OTTAWA, Dec. 12, 2017 /CNW/ - The Minister of Indigenous Services, Jane Philpott, issued thefollowing statement today:
"Today marks ten years since the House of Commons passed a motion on Jordan's Principle and committed to ensuring First Nations children can access the government services they need, when
The motion was named in honour of Jordan River Anderson, a First Nations child from Manitoba who needed medical care from birth. For three years he could have received his care in a home environment if the federal and provincial governments had agreed on who was responsible for payment. Jordan unfortunately passed away in hospital in 2005.
Jordan's Principle is in place to ensure that no First Nations child goes through what Jordan did.
In 2016, our government took action to implement Jordan's Principle, something that was not being done until then. The Canadian Human Rights Tribunal has ruled that the Government of Canada must comply in implementing this principle, and our government is doing so. We are committed to working with all parties of the case before the Tribunal to work towards solutions out of court proceedings.
Local coordinators are now available in communities across Canada to help First Nations children access services under Jordan's Principle. We also have Government of Canada staff in all regions who are dedicated full-time to implementing Jordan's Principle. They work closely with the local coordinators to make sure all requests for services get processed as quickly as possible.
We are working with First Nations partners and communities, as well as provinces and territories, to build a better health care structure and funding model for First Nations children over the long-term. To help with services needed right away, a fund of $382.5 million has been set up under the "Jordan's Principle: A Child-First Initiative" to cover health, social and education services from 2016 to 2019.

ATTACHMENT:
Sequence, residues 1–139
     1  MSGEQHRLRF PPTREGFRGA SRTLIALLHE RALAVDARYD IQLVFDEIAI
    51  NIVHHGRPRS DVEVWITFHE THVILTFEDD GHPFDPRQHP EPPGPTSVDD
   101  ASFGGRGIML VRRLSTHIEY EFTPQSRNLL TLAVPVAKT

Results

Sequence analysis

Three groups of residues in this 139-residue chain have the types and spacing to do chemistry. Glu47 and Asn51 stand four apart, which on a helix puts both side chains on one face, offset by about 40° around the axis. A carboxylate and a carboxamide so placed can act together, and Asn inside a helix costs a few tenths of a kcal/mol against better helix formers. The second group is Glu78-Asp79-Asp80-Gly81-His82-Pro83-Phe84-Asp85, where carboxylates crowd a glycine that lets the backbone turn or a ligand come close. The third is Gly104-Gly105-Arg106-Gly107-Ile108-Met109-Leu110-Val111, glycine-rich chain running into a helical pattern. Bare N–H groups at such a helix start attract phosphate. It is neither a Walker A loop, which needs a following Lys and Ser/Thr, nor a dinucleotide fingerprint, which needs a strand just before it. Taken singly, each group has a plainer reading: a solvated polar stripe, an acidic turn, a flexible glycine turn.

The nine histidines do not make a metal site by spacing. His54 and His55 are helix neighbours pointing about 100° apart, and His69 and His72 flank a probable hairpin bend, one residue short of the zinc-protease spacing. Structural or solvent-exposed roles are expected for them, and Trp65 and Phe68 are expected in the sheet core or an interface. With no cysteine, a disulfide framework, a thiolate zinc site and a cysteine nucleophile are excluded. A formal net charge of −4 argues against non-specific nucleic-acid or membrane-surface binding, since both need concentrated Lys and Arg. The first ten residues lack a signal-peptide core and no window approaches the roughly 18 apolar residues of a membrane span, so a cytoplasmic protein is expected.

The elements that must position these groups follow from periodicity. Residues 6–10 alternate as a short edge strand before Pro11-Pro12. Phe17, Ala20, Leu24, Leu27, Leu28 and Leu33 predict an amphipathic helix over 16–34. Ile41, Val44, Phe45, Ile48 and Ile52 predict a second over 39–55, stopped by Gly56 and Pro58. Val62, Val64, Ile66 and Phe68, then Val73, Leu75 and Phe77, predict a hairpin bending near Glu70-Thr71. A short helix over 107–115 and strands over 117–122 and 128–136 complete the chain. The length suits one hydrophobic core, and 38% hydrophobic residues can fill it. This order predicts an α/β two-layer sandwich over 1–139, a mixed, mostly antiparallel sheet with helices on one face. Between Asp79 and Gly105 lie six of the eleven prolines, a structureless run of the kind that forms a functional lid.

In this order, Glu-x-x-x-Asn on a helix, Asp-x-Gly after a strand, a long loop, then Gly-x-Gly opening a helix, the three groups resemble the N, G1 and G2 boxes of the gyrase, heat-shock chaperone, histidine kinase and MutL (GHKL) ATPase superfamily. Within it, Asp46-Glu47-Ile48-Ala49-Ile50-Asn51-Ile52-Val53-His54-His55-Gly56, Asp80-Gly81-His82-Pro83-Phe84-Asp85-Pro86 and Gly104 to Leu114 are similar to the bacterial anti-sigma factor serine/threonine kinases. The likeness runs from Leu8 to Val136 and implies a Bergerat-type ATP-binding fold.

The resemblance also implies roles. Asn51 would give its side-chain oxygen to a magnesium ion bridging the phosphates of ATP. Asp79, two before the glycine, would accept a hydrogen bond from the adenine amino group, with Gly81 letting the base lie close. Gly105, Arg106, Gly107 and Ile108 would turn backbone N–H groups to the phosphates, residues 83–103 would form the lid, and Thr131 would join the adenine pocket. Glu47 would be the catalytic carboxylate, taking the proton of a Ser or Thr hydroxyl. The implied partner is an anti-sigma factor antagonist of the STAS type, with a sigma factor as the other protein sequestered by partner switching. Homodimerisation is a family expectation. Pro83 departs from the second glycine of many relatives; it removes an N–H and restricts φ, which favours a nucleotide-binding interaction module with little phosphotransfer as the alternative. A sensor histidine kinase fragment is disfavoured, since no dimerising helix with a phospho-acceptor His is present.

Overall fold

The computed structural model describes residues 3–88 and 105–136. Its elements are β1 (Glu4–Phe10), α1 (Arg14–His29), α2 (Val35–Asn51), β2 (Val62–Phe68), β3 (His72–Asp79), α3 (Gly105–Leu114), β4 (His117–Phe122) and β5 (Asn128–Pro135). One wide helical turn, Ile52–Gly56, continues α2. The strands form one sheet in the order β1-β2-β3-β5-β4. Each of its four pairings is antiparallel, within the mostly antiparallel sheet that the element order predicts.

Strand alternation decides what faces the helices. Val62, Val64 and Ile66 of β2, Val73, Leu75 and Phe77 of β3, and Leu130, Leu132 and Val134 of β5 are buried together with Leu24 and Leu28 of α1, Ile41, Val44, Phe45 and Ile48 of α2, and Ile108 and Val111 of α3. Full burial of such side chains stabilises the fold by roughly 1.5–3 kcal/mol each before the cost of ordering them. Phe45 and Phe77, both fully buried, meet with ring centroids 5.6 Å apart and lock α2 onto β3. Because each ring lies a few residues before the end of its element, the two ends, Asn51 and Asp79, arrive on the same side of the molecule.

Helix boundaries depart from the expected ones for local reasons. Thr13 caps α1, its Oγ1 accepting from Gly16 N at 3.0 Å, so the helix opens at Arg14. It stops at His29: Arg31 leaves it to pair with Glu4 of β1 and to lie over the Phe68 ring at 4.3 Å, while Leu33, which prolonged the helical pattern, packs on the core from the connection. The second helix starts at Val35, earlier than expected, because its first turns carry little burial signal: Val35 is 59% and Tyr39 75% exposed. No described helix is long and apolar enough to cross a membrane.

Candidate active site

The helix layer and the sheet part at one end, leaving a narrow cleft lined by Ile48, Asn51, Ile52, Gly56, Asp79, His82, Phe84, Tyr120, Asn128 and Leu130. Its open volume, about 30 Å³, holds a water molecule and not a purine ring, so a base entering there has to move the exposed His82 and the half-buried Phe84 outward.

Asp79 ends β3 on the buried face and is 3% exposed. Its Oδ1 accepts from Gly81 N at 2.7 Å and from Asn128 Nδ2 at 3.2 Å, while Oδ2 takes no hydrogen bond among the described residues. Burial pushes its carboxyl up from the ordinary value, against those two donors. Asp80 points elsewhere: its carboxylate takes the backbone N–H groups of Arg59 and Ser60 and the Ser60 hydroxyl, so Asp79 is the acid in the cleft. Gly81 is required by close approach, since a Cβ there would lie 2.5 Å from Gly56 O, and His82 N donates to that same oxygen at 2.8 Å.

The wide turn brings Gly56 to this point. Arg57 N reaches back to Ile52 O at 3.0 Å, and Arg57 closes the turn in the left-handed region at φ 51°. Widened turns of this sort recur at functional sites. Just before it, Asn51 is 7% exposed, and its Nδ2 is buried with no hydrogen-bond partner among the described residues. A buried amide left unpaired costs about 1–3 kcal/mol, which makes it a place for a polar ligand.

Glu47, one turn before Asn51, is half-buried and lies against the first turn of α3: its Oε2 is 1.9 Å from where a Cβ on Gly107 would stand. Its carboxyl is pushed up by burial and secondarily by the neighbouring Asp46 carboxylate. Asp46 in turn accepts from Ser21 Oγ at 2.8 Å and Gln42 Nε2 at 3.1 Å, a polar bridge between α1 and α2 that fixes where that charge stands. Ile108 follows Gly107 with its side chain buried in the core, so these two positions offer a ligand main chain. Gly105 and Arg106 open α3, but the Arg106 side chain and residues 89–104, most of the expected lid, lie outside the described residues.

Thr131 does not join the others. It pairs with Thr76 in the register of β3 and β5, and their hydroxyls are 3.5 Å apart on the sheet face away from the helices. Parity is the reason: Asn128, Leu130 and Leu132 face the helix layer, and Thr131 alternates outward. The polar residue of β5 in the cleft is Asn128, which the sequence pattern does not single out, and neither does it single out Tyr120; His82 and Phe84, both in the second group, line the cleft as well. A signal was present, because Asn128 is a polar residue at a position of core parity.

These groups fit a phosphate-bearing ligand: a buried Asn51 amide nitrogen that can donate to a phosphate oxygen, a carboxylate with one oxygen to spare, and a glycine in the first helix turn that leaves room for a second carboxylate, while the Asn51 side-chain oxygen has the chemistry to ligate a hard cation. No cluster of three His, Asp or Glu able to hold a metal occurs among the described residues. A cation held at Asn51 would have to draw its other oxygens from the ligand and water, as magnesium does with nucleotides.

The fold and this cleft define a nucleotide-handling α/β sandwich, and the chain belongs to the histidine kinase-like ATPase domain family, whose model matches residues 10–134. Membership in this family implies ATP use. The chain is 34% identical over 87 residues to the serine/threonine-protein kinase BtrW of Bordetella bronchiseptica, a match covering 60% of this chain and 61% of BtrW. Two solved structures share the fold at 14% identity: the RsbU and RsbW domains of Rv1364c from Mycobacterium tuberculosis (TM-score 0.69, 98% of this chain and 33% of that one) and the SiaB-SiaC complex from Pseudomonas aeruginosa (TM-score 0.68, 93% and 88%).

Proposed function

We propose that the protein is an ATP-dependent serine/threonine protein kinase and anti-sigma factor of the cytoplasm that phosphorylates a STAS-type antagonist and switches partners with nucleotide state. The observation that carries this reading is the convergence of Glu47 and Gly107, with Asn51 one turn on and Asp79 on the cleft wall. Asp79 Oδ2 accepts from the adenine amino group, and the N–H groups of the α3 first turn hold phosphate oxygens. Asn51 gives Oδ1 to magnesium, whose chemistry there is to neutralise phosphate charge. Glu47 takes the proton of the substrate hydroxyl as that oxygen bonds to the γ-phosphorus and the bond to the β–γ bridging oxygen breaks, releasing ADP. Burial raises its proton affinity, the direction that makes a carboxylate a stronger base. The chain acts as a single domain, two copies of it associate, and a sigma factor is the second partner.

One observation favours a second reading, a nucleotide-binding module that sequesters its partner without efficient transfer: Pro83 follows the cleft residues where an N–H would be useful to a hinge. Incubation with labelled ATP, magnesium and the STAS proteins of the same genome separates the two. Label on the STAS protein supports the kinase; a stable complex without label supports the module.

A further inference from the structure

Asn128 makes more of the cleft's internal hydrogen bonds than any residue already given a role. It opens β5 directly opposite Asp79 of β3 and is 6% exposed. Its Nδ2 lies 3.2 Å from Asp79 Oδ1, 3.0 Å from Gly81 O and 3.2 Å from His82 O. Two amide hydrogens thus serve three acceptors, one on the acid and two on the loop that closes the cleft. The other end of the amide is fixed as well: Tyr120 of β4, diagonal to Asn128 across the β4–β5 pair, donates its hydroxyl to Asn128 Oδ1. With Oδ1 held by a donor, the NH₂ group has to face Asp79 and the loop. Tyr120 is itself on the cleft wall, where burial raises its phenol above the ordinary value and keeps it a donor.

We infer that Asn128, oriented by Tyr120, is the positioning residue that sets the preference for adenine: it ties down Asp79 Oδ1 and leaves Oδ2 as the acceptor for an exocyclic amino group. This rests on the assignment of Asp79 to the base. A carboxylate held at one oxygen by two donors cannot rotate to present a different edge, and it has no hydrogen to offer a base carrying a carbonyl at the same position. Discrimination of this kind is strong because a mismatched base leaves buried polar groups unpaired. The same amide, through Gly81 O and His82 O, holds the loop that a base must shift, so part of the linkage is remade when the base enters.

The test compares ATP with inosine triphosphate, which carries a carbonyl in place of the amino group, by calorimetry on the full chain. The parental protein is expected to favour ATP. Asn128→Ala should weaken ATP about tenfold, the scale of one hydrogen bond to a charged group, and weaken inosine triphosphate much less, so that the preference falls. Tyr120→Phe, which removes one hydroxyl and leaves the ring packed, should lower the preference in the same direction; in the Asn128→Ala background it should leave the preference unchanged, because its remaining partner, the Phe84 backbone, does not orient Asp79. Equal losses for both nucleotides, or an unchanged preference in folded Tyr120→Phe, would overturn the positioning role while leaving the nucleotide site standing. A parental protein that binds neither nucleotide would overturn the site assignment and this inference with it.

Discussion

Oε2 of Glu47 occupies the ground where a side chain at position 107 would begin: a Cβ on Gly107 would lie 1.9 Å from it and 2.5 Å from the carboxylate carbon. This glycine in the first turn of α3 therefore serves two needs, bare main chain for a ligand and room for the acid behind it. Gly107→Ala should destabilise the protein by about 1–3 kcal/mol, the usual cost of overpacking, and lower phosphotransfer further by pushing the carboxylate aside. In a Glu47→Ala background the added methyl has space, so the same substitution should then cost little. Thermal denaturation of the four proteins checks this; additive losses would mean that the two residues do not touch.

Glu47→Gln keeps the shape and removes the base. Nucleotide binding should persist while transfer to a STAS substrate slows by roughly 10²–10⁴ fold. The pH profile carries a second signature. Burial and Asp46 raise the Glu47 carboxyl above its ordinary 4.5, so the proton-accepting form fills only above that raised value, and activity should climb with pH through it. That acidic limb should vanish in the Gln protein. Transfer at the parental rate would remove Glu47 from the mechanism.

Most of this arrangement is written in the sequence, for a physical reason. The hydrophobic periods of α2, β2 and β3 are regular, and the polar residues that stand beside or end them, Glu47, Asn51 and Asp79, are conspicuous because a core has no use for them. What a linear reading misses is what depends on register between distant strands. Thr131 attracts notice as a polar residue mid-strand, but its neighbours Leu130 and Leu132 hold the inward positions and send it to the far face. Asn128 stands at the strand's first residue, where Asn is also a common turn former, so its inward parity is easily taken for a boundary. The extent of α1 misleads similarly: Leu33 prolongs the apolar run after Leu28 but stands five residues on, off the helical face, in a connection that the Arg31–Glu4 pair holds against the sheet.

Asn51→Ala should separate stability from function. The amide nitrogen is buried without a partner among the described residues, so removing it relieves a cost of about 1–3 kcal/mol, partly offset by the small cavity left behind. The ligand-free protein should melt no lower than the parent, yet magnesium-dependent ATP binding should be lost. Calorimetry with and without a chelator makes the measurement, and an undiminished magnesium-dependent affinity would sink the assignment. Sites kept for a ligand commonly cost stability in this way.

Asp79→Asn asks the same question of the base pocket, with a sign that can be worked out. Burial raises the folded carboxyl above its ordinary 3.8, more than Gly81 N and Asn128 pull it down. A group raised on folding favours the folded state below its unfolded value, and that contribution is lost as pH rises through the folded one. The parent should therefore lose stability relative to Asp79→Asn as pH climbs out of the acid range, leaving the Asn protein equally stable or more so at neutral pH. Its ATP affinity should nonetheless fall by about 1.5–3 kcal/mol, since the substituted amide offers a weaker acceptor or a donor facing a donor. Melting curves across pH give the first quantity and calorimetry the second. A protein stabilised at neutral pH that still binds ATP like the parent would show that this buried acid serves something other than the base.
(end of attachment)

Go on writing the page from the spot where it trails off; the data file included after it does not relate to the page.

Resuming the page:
Since 2016, more than 99% of the requests received under Jordan's Principle have been approved, totalling over 29,000 requests for services and supports. This includes mental health supports, medical equipment, speech therapy, educational supports, and more.
We have made significant progress to helping First Nations children access the services they need, but much more work still needs to be done. We will not rest until every First Nations child in Canada can access the services they need without delays and has true equality with all other Canadian children. There is no simple solution. We must continue to collaborate with our partners and remain focussed on keeping the best interests of First Nations children as our top priority.
If a First Nations child is not receiving the services and supports they need, families are encouraged to contact us at 1-800-567-9604."
SOURCE Indigenous and Northern Affairs Canada
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